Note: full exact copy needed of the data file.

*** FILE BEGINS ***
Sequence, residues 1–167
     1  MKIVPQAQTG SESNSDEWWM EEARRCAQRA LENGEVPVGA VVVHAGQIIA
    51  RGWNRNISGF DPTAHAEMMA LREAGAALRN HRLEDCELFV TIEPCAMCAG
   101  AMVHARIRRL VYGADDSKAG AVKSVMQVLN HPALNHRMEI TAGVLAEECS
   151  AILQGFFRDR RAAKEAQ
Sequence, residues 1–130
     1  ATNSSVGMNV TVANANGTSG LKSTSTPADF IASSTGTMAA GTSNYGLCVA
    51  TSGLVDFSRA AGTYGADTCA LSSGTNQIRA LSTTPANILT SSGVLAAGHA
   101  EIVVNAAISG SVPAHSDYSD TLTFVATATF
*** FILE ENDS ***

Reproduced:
Sequence, residues 1–167
     1  MKIVPQAQTG SESNSDEWWM EEARRCAQRA LENGEVPVGA VVVHAGQIIA
    51  RGWNRNISGF DPTAHAEMMA LREAGAALRN HRLEDCELFV TIEPCAMCAG
   101  AMVHARIRRL VYGADDSKAG AVKSVMQVLN HPALNHRMEI TAGVLAEECS
   151  AILQGFFRDR RAAKEAQ
Sequence, residues 1–130
     1  ATNSSVGMNV TVANANGTSG LKSTSTPADF IASSTGTMAA GTSNYGLCVA
    51  TSGLVDFSRA AGTYGADTCA LSSGTNQIRA LSTTPANILT SSGVLAAGHA
   101  EIVVNAAISG SVPAHSDYSD TLTFVATATF